All that Kristi and Justin Keller wanted was a home to call their own, where they could someday raise a family of their own. After years of saving their money for a down payment, they found a nice split-level home in Cannon Falls, that appeared to be just what they wanted.
It was an attractive home with 6 acres of land; a place they envisioned would be a wonderful place to raise a family. The icing on the cake was that it was close to the school where Kristi worked, as an elementary school teacher, about 50 miles southeast of Minneapolis.
Kristi says they made sure that the foundation was solid, the basement was dry, the roof was in good shape, and the house was structurally sound. It all check out. No major problems. So, in December of 2006, they signed paperwork from the seller, that contained a disclosure statement about meth labs. “No” was checked off on the form. It was all good.
A window had been painted over with black paint.
A shed had vents in it and it locked “from the inside” and there were fuel tanks, that Kristi couldn’t make sense of.
Krista says she began researching the Internet for answers, but it was a discussion with a neighbor that provided her with the truth. Kristi and Justin’s new dream home had been used as a meth lab for years, but it had never been busted. It was something that Kristi and Justin had never considered. Neither one of them knew anything about drugs and none of the many books they bought about buying a house had warned them about buying a former meth lab home.
Within a few hours of talking to her neighbor, Kristi and Justin left their home, in fear of getting sick from the chemicals that remained in the house. Kristi then called the police department and the sheriff’s office to ask if the home had a drug history. The answer was “no”. The only problem that police noted about the house is that there had been three complaints about the house. All of them involved domestic disputes. Nothing was ever mentioned about drugs.
One police report noted that during one of those disturbances, one of the owners of the house threw a baggie at them that they said contained meth. A note about the incident noted that the substance inside the bag tested negative for methamphetamine. Deputies of the Goodhue County Sheriff’s office said they always suspected that the previous owners may have been involved in something illegal, but they never had enough evidence for a search warrant or an arrest.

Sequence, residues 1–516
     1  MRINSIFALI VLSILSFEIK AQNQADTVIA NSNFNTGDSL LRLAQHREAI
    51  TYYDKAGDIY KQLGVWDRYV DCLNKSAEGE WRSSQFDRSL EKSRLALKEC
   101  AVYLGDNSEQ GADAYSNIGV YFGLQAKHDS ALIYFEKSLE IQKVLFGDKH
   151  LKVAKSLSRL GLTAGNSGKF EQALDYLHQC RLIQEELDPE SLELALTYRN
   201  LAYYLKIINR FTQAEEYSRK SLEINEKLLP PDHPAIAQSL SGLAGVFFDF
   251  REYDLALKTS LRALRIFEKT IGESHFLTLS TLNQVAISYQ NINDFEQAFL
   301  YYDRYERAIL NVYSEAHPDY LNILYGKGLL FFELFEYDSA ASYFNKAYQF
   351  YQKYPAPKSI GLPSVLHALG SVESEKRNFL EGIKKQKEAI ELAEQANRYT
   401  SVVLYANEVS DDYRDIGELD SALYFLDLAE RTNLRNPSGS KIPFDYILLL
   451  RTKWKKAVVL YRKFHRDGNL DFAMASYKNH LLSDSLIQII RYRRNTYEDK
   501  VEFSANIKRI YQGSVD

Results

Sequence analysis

The seller’s disclosure form, which became required by law in Minnesota in 2005, read “Seller is not aware of any methamphetamine production has occurred on the property.” The disclosure holds sellers liable to the buyer for the cost of the meth lab clean up and attorney fees, if it is determined that the seller lied about the property. But, sellers who lie on the form can not be charged with criminal penalties, under the state’s law.
In June of 2008, the Kellers had their home professionally tested by an environmental testing company for a cost of $1,500. Those tests showed that their home was highly contaminated. They took the matter to court and a judge ordered the previous owner to pay them $100,000, of which, they have received nothing. The previous owner’s lawyer says his client doesn’t have the money to pay them.
The meth lab clean up bill, according to an estimate they received, is $30,000, a cost they aren’t willing to pay. They are too afraid of what’s unknown about the long-term health effects of living in a home that is filled with chemical contaminants. They are talking to their legislators about their home buying experience though and asking that changes be made to the current law.
One option they are considering is making it a crime for a seller to lie on a disclosure form. Another option, they’re considering, is to make sure that real estate agents know about meth labs. Minnesota Representative Doug Magnus does not want to require that a home be tested for meth before it’s sold though, because the testing cost so much. He is considering having the septic systems tested for meth, as a way of determining if a home was used as a meth lab, because he says it’s less expensive.
In the meantime, Kristi and Justin are left with few options. The option they are considering taking is letting the home fall in to foreclosure, an option that will ruin the good credit they once had. The Kellers, like other innocent families who unknowingly buy a contaminated meth lab home, just want to leave their experience in the past so they can regain their strength to begin again.
Meth Lab Homes comment:
If a test had been required on the home before it was sold, this unfortunate experience would never would have happened to the Kellers and others like them, who are essentially victims of the meth lab epidemic in America. The cost of the testing, $1,500 that was paid by the Kellers should have been paid by the seller before they were allowed to put the property up for sale. Sellers can always add the cost of testing to the sale price of the home. With a “clean bill of health” on their home, it would make it alot easier for them to sell their house, as well!
“Meth turns MN dream home into nightmare”, CBS Channel 11, http://cbs11tv.com/national/home.meth.Minnesota.2.643326.html, 1/31/08, accessed 8/28/09
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